Reading 1, Ezekiel 16:59-63
Responsorial Psalm, Isaiah 12:2-3, 4, 5-6
Gospel, Matthew 19:3-12

3 Some Pharisees approached him, and to put him to the test they said, 'Is it against the Law for a man to divorce his wife on any pretext whatever?'

4 He answered, 'Have you not read that the Creator from the beginning made them male and female

5 and that he said: This is why a man leaves his father and mother and becomes attached to his wife, and the two become one flesh?

6 They are no longer two, therefore, but one flesh. So then, what God has united, human beings must not divide.'

7 They said to him, 'Then why did Moses command that a writ of dismissal should be given in cases of divorce?'

8 He said to them, 'It was because you were so hard-hearted, that Moses allowed you to divorce your wives, but it was not like this from the beginning.

9 Now I say this to you: anyone who divorces his wife -- I am not speaking of an illicit marriage -- and marries another, is guilty of adultery.'

10 The disciples said to him, 'If that is how things are between husband and wife, it is advisable not to marry.'

11 But he replied, 'It is not everyone who can accept what I have said, but only those to whom it is granted.

12 There are eunuchs born so from their mother's womb, there are eunuchs made so by human agency and there are eunuchs who have made themselves so for the sake of the kingdom of Heaven. Let anyone accept this who can.'


Jesus came not to destroy the law but to fulfill it (Mt 5:17). This is a statement  that bewildered the Jewish teaching authorities of Jesus' time. They had a hard time reconciling the seemingly new teachings Jesus was putting forward in contrast to their 613 laws. There was no way for them to comprehend him if they would only stick to the laws they have multiplied out of the ones given to Moses. And the Gospel reading today manifests the apprehension the law authorities have towards Jesus regarding the laws.
Jesus boldly upholds the sanctity of marriage. Marriage can be drawn up from the Old Testament up to the New Testament. This, in time, evolved into an ecclesial Sacrament due to its divine institution  as seen in Scriptures.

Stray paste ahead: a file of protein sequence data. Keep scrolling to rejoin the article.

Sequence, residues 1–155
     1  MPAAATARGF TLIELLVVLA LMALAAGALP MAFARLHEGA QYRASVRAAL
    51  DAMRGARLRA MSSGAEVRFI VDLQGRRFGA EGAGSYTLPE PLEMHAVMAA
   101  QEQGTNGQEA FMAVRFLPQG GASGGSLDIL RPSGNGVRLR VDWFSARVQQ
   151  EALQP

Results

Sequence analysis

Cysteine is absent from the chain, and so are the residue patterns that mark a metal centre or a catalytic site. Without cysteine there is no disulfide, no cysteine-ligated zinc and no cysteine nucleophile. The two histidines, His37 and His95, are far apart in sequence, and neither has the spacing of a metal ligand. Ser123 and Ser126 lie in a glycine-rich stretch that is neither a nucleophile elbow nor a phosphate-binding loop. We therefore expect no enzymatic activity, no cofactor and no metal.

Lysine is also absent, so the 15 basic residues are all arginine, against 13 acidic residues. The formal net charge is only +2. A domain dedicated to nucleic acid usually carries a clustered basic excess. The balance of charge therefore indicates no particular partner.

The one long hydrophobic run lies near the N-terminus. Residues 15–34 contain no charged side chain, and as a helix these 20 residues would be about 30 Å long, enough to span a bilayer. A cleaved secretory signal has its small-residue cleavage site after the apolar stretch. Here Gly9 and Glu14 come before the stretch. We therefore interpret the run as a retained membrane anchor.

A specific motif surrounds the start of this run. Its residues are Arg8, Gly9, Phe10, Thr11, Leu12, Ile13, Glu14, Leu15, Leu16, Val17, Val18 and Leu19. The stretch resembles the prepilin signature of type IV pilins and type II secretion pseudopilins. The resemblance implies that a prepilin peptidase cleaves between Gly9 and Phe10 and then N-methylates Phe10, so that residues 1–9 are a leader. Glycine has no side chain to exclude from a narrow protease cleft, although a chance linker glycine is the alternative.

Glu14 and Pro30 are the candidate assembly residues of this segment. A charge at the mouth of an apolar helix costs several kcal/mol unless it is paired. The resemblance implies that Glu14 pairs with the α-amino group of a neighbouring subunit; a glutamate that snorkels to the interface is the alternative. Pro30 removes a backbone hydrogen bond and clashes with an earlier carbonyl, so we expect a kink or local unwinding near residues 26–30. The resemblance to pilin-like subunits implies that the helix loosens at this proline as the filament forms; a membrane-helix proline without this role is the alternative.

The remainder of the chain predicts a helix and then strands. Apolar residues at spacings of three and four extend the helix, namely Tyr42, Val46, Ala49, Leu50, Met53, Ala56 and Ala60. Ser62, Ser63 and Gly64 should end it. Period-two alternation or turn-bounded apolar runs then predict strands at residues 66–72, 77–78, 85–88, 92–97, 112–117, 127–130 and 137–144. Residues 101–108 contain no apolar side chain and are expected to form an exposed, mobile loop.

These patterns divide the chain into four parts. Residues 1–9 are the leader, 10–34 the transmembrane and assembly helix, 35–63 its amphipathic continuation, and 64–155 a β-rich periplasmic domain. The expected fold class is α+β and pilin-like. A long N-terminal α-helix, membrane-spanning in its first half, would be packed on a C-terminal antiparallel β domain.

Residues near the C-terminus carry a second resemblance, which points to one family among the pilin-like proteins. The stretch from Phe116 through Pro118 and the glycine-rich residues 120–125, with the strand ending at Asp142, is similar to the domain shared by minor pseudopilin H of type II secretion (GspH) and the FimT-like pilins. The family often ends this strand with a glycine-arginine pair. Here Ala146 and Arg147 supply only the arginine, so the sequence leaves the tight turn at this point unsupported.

When tested by the Pharisees about marital questions, Jesus stood still and unshaken based on His Father's command. Jesus, as the Son of God, cannot be mistaken in interpreting the law. He is the Son of God. He was there when the law was given to Moses. He was even there when the first couple was created. Why and How? Simply because He is the Word through which everything was made (cf. Jn 1:1). He is simply the Christ, the Anointed One. 

The Sacrament of Marriage is so important because here a couple is given the chance to encounter God in the most unique way where the family is built. However, presumed to have love in the first place, love between two individuals ought to be the reason for their coming together and deciding to enter into a lifetime partnership before God and man. As they swear to each other and promise to love each other for the rest of their lives with full consent, marriage as a Sacrament is validly contracted. And its consummation brings it to perfection. This is the beauty of this Sacrament. Above all, we must not forget the indissolubility of the  couple's partnership. This elevates marriage into a Sacrament as God is involved in this covenant. 

Marriage is a Sacrament received not by all. Among the many other reasons for staying single, I suppose the greatest is to remain single and chaste for the sake of the Kingdom. I do admire those who are single and chaste, yet faithfully dedicating their lives in the service of God. This noble intention perchance has been motivated by their love for God. And for the clerics and vowed religious, to be chaste and single for the sake of the Kingdom are challenges we have received from Him. Nevertheless, to be able to respond to God is a gift given to us by Him who has challenged us. Grace abounds the most amidst life's most difficult times. 

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